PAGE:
Cowboy Bebop OST 1

Yushiro (Former Staff) — September 3rd, 2002
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Thelonious Monk once stated, "If you really understand the meaning of bebop, you understand the meaning of freedom." It would seem Yoko Kanno, along with her group, the Seatbelts, have indeed realized the meaning of Monk's words and have to come to show it off on this album. The Cowoy Bebop Original Soundtrack (1) is a perfect compliment to the series which takes on the name of the singular style that is bebop. But it is also a showcase of the freedom Kanno is able to exercise in adapting the style to work so well with anime and, to a lesser degree here than the other Cowboy Bebop soundtracks, her ability to traverse genres and styles. First and foremost, if you couldn't tell by the quote, this is fundamentally a jazz album. While it is delightful to see that anime can accommodate itself to different forms of music, every anime fan may not have an inclination towards jazz. If you aren't already an enthusiast of the genre, or didn't find yourself getting into the music while watching the series, you might want to look to one of the other OSTs, such as the more diverse Blue. Just a word of caution.

That said, those who are into the music will find OST 1 to be a more than satisfying experience. Expect catchy drum/rim beats, blaring brass, and stirring saxes, along with the occasional flute, tuba, piano, or any of a half-dozen other instruments than lend themselves to creating melodies that will set your feet and head in motion. This is epitomized in a song like the oft-played (in the series, that is) Rush or the driving Bad Dog No Biscuits. The album covers a wide range of jazz styles, from the laid-back traditional (Cat Blues), to the folksy (The Egg and I), to heavy blues (Cosmos), and even a few cheery lines thrown in for good measure (Car 24). The listener will also find, of course, Tank!, an extended version of the opening song to the series, which I imagine was collectively our first encounter with the bebop themes of the series. The song is a perfect match to the strong personality of the series and comparatively a bit more vigorous, though not by too much, than most of the album. I think you'll find that the opening song is a fair gauge of the direction the OST wants to take you, though. Suffice to say, a full range and scope of the variations of jazz are represented here - in force and played with heart.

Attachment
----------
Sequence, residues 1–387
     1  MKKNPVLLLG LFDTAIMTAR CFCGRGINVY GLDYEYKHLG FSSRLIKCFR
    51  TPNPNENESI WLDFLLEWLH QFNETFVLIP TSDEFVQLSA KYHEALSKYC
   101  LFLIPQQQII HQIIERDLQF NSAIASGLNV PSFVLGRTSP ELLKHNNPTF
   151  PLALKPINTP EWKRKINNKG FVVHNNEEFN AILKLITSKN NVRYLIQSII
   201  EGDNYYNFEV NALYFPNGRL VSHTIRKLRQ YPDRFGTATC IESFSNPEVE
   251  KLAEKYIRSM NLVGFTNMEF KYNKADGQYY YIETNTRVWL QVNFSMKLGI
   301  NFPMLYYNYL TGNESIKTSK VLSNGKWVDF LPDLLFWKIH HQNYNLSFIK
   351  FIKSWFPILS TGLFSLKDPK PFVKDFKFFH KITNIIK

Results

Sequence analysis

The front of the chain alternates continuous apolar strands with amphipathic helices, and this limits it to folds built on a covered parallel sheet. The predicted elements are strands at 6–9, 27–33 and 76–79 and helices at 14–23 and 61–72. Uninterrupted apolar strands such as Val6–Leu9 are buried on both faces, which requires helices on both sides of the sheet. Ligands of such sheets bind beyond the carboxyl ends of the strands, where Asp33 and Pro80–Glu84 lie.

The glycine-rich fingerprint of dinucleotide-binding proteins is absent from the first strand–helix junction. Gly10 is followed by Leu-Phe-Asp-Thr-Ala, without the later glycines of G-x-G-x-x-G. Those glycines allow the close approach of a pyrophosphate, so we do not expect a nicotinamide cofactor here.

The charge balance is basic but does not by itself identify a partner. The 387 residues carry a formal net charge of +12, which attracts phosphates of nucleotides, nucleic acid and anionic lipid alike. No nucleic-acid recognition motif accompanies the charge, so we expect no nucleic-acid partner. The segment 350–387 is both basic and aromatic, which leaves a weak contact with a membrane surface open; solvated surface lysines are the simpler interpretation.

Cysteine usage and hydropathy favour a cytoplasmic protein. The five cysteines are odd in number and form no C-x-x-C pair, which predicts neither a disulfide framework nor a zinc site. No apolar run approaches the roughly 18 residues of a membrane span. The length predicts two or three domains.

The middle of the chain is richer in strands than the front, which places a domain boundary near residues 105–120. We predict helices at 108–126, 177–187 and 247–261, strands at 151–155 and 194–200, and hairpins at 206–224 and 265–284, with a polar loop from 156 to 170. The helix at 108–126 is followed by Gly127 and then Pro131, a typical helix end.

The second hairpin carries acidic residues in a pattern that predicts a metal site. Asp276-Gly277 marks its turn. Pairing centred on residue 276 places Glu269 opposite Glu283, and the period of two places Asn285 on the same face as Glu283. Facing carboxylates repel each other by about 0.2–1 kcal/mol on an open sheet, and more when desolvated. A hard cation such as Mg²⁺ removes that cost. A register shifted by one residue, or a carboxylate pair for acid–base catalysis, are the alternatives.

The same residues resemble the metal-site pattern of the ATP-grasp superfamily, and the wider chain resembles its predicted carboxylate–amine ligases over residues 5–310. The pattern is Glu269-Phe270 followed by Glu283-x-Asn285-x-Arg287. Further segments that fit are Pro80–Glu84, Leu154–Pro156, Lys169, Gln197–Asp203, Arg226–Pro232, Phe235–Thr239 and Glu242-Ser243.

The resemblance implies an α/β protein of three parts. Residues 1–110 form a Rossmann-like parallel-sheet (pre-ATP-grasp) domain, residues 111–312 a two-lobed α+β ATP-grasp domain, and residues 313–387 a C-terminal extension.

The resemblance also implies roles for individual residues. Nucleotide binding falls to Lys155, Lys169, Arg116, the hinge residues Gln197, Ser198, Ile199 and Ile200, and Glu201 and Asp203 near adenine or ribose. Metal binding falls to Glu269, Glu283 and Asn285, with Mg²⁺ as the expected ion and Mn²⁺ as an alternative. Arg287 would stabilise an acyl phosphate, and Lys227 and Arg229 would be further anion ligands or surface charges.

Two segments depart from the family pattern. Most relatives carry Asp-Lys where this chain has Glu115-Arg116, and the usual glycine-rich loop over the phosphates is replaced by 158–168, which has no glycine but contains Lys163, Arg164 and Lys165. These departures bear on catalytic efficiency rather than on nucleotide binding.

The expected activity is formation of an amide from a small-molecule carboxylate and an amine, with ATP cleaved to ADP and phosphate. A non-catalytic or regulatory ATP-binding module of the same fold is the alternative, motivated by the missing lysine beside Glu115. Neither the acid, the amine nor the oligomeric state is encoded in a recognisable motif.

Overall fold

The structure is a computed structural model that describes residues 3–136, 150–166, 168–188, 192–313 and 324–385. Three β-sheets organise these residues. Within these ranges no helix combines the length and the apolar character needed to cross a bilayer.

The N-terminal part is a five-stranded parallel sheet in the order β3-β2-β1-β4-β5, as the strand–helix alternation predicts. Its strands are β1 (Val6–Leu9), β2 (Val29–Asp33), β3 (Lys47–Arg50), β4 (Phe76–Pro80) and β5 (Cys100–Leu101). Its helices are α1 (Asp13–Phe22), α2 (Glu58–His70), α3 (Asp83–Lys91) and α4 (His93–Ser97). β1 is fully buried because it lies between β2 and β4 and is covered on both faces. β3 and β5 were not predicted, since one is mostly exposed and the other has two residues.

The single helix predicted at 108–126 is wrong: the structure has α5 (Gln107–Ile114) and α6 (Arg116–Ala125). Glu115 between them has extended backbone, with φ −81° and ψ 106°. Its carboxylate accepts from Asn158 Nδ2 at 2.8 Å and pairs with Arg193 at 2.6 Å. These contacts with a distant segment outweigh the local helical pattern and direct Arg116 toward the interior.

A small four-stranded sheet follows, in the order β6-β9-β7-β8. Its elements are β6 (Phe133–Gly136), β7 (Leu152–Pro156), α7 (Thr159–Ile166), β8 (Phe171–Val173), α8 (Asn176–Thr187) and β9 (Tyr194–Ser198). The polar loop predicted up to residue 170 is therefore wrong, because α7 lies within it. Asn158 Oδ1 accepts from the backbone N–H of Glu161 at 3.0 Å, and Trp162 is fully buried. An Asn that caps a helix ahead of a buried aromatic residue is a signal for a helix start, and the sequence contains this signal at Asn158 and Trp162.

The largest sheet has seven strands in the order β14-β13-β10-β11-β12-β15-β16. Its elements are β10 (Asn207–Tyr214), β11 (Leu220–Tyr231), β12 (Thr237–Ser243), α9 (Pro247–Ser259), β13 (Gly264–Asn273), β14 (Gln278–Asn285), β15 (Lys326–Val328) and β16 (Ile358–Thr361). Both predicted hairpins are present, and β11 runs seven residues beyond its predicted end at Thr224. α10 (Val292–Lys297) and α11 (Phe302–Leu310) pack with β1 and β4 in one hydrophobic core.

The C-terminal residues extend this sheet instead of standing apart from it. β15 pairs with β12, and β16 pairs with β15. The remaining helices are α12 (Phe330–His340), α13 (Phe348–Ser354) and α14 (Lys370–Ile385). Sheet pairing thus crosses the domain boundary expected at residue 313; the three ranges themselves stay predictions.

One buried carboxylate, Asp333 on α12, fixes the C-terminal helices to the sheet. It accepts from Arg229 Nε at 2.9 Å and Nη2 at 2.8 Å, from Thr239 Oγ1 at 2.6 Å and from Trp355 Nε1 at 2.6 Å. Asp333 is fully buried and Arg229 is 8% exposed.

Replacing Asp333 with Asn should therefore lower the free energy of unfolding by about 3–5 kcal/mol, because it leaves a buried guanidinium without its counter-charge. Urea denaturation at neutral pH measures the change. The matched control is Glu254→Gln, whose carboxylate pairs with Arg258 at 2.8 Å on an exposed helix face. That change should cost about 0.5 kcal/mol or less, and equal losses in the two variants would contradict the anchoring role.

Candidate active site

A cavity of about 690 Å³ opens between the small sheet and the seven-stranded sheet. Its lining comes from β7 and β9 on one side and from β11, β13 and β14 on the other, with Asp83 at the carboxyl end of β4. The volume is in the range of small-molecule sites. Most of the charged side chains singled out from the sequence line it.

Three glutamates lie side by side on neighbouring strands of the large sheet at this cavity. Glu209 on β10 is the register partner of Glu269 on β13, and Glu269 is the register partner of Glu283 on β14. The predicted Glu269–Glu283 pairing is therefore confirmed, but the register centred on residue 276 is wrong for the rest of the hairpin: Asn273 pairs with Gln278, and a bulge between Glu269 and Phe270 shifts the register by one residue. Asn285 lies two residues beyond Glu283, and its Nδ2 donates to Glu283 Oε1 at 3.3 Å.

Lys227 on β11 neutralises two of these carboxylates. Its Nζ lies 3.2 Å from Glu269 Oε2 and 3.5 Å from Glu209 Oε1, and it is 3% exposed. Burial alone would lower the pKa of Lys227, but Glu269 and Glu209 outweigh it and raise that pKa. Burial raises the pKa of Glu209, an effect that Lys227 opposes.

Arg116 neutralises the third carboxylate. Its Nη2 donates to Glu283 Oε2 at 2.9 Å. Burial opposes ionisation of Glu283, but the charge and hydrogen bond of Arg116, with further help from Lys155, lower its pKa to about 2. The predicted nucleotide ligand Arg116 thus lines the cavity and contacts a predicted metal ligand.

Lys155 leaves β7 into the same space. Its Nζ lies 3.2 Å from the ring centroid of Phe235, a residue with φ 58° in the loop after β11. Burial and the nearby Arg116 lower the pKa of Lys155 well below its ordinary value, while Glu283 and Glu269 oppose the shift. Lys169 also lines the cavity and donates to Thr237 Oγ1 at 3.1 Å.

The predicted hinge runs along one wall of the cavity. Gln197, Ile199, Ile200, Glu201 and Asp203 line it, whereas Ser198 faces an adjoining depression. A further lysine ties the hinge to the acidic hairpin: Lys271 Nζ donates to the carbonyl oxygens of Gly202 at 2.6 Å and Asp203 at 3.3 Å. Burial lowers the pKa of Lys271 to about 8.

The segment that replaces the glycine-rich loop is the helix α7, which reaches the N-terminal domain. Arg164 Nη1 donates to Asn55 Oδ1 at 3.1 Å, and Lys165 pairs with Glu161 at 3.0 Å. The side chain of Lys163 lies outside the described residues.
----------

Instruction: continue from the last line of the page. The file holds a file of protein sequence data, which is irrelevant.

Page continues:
Though most of the album is comprised of the aforementioned energetic bebop or laid-back traditional styles, there are a handful of songs that veer into other styles. One such song is the moody Space Lion, a heartrending conveyance of the series' darker tones (which corresponds extremely well with the episode it is featured in, the ending of Jupiter Jazz Part II). It's one of those songs that is both devastating emotionally (thanks to the mournful sax that plays throughout) and somehow hearting at the same time (due largely to the childern's chanting in the second half); easily my personal favorite on the album. The other diversions from the predominately jazz songs include the music box-like Memory and a vocal piece, Rain, that is almost hymn-like, thanks to a pipe organ as the main instrumentation (though, for some reason, it breaks to a light guitar well into the song). Melancholy songs such as this offer a refreshing interruption of the more upbeat tone of the album. - not to the point of jarring, but just a quiet respite from the rambunctious trumpets and percussion. It all meshes with the overall tone of the record quite well and doesn't feel out of place at all.

Each song on this outstanding soundtrack is undeniably well composed and skillfully played, as well as a joy to listen to. However, the album remains, and apologies for reiterating myself, very much a jazz fan's album. As such, I can't recommend it that highly outside of those who are followers of the genre or of Yoko Kanno's music. (Though I have no doubt that both groups will absolutely love it.) Those who enjoyed the series may want to look into it, simply to own the now classic opening or as a glimpse into the sorrow and joy that jazz, and its voices, are capable of.